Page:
For a true taste of Kansas City history — and modern diversity — look no further than River Market. Just off the south shore of the Missouri River, this is as historical as KC gets: the area was the original Town of Kansas in the 1850s, later to become Kansas City. The City Market was the site of the original public square in the mid-1800s. These days, River Market is home to an eclectic array of shops and eateries and the largest farmers’ market in the region. Check out the City Market Farmers’ Market on weekends year-round for everything from vegetables and gorgeous fresh flowers to homemade incense, antiques, quirky garden statues, and organic doggie treats. After your shopping bags are stuffed, stop by the Steamboat Arabia museum for a slice of frontier history in the sunken treasure from an 1856 steamboat accident nearby. And River Market Antiques off Delaware Street promises three floors of every nostalgic and amusing knickknack you could imagine. Once you’ve worked up an appetite, the area offers a mouthwatering mix of local restaurants, global fare, and ethnic markets. And of course, don’t forget coffee and dessert — Quay Coffee, City Market Coffee, Our Daily Nada, and Bloom Bakery are all musts.
In terms of public transportation, Kansas City is admittedly a bit lacking. That said, if you’re looking for a fun, effortless way to take a (heated/AC’d) mini-tour of downtown KC, the streetcar is the way to go. Stretching from Union Station to River Market, the new streetcar runs through downtown, the entertainment Power and Light District, and almost to the Missouri River north of River Market. It’s smooth, it’s free, and it’s an easy simple pleasure if you’re touring the city. Plus, we have to celebrate any form of public transportation around here. The cars run in a loop up and down Main Street and come every 10-15 minutes. Hop on!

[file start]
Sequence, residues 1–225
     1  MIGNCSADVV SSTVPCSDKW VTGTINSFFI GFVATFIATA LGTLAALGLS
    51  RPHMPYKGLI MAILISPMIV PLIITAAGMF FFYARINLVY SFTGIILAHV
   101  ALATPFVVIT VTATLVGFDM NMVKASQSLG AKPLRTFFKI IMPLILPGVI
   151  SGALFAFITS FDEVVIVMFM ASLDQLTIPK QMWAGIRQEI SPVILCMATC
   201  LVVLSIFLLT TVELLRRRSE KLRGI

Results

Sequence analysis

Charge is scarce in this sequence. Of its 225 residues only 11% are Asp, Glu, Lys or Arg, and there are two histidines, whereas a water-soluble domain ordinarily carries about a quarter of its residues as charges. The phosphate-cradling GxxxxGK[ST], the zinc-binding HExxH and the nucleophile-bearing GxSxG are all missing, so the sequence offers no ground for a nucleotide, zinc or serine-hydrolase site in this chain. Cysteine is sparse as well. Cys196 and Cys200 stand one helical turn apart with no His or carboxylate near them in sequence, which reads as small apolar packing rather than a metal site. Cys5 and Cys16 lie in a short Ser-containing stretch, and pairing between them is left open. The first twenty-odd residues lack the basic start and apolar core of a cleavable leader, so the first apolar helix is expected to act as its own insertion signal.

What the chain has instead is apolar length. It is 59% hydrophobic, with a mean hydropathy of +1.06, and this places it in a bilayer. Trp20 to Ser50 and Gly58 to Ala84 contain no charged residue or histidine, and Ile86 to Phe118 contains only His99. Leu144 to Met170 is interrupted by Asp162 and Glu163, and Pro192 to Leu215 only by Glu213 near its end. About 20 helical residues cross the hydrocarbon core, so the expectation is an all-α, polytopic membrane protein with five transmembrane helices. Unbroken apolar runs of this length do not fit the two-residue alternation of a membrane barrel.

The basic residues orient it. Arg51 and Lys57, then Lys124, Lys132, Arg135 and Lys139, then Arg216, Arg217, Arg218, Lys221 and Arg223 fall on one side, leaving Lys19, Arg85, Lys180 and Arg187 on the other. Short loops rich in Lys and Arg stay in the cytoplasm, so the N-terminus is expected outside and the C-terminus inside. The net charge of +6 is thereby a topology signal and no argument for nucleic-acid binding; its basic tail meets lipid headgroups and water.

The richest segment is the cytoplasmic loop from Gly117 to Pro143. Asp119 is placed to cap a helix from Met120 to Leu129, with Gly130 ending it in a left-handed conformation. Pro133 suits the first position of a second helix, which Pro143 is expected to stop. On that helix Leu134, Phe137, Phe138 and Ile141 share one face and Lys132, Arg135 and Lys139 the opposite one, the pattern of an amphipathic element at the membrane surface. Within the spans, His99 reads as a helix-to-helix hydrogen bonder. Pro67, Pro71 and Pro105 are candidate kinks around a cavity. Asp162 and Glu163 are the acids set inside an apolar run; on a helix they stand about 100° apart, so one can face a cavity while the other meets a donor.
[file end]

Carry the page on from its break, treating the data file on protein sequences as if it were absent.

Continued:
Craving a little green? Loose Park is calling your name. A major site for the Battle of Westport during the Civil War (check out the cannons at the south edge), the park was opened in 1927 in honor of local businessman Jacob Loose. Today it’s a beautiful escape to nature with 75 acres of rolling lawns and shady tree alcoves. Stroll by the koi and duck pond, through clusters of massive oaks and maples, and over to the charming rose garden. Dating back to 1931, the rose garden is home to about 4000 roses of 168 varieties. With beautiful blossoms in spring and vibrant colors in fall, the park is perfect for a walk, a dog frolic, a picnic, or simply a breath of nature in the city.
There’s no doubt about it: Kansas City is a jazzy town — literally. The city has a rich jazz and blues legacy dating back to the 1920s and ’30s. Once a hub for vibrant jazz, blues, and ragtime music, KC was home to a thriving scene of dance halls, cabarets, and speakeasies, largely thanks to the workings of political boss Tom Pendergast in the 1930s (let’s just say he wasn’t a big fan of Prohibition). Such was the nightlife scene, in fact, that it earned KC the nickname “Paris of the Plains.” The roaring ’20s and ’30s may be long over, but luckily the jazz scene is still alive and well today. The Phoenix jazz club has a storied (and slightly sordid) history starting in the flourishing Garment District in 1888. Originally a hotel (rumored to be a bordello), the historic brick building housed a speakeasy-style saloon on the first floor and the “hotel” on the second. Today the club hosts local live music and serves down-home tasty eats. Behind a mural of jazz greats, grab a drink and slip into the vibes of KC’s melodic, colorful past and present.
A newer addition to the Kansas City skyline, the Kauffman is quickly becoming one of the city’s most iconic landmarks. The fanning modernistic domes rise on the horizon, lighting brilliantly at night to welcome visitors to world-class performances from the Kansas City Symphony, the Kansas City Ballet, the Lyric Opera, and more. If you’re looking for a little sophisticated arts and culture, the Kauffman has you covered. Or if slightly lighter fare is more up your alley — live symphony-accompanied Harry Potter screening, anyone? — they have that, too. And while the building itself is stunning, the real gem (aside from the performances, of course) is the incredible panoramic view of the city from the glass front of the theater.